MEXICO CITY (Reuters) - U.S. authorities have not been able to find any trace of ill-gotten assets belonging to jailed drug lord Joaquin “El Chapo” Guzman, Mexico’s attorney general said on Wednesday.
Before he was captured last year and extradited to the United States in January to stand trial, Guzman was one of the world’s most wanted drug traffickers and believed to have accumulated a fortune from reigning over his Sinaloa Cartel over many years.
“As of today, U.S. authorities have not found not even one dollar of El Chapo’s assets,” Mexican Attorney General Raul Cervantes said in an interview with top local broadcaster Televisa.
Mexico has only found minor assets belonging to Guzman, Cervantes said.
“His money hasn’t been found because he didn’t use the financial system,” he added.
A federal indictment in the United States seeks the forfeiture of more than $14 billion of drug proceeds and illicit profits allegedly derived from the Sinaloa Cartel’s activities.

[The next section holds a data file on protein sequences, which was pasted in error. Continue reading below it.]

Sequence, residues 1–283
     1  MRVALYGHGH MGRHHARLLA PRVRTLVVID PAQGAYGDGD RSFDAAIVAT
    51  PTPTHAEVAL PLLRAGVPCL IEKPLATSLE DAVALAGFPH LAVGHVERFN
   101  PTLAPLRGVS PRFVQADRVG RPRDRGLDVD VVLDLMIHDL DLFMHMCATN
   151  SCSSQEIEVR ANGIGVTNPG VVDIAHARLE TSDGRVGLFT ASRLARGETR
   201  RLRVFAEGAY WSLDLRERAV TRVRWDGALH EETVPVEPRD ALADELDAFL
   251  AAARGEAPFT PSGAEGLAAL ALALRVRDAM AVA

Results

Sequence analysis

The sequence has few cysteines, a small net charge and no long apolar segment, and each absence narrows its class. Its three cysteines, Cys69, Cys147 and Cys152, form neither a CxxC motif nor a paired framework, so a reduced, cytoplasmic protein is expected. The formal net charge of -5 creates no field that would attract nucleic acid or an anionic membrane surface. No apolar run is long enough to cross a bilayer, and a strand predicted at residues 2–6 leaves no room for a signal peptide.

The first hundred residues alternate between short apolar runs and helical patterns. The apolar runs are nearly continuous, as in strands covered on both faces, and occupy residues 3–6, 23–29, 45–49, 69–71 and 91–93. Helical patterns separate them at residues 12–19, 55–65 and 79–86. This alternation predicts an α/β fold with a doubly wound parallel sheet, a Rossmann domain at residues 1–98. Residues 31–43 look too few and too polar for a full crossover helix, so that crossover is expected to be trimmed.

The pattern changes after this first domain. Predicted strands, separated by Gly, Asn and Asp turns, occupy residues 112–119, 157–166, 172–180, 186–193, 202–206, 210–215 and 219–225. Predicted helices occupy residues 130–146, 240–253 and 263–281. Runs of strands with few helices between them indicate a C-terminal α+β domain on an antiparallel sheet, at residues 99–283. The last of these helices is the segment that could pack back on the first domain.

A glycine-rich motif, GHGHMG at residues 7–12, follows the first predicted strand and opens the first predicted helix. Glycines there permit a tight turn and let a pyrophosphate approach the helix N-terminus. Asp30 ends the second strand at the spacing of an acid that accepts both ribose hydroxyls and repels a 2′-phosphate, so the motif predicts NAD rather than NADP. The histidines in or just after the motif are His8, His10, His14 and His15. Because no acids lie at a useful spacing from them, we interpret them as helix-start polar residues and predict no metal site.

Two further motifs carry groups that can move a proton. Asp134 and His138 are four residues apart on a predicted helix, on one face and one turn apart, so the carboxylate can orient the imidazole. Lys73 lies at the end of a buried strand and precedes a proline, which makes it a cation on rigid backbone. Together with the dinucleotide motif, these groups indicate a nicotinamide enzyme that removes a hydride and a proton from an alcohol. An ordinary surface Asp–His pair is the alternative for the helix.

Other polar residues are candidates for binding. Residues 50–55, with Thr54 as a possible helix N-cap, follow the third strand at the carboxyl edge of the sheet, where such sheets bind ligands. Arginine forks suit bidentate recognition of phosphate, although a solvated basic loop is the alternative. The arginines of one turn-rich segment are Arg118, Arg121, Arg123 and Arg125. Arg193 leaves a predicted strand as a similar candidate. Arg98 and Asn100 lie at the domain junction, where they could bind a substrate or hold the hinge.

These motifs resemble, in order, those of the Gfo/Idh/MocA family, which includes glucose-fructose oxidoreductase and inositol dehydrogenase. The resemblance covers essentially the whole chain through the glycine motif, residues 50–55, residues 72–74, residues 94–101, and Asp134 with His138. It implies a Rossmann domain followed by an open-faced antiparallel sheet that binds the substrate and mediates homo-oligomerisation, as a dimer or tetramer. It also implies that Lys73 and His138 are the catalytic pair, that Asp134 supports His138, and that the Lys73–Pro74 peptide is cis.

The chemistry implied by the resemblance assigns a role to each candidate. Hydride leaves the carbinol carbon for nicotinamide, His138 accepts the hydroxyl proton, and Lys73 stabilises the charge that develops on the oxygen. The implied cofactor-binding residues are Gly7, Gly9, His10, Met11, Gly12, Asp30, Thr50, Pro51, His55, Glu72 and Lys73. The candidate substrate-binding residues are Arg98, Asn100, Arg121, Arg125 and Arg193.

Guzman, who broke out twice from prison in Mexico, was recaptured for the last time in January 2016. He was extradited to the United States to face charges there on Jan. 19, the eve of Donald Trump’s inauguration as U.S. president.
In the same interview, Cervantes said that the relative upstart Jalisco New Generation Cartel is now Mexico’s largest criminal organization, eclipsing the country’s more familiar criminal syndicates like Sinaloa or the Zetas.
On Tuesday, Mexican security forces arrested Damaso Lopez, who the United States once described as Guzman’s “right hand man” but had been locked in a bloody struggle for control of the Sinaloa Cartel against the sons of El Chapo.
Reporting by David Alire Garcia and Veronica Gomez; Editing by Frank Jack Daniel, Bernard Orr
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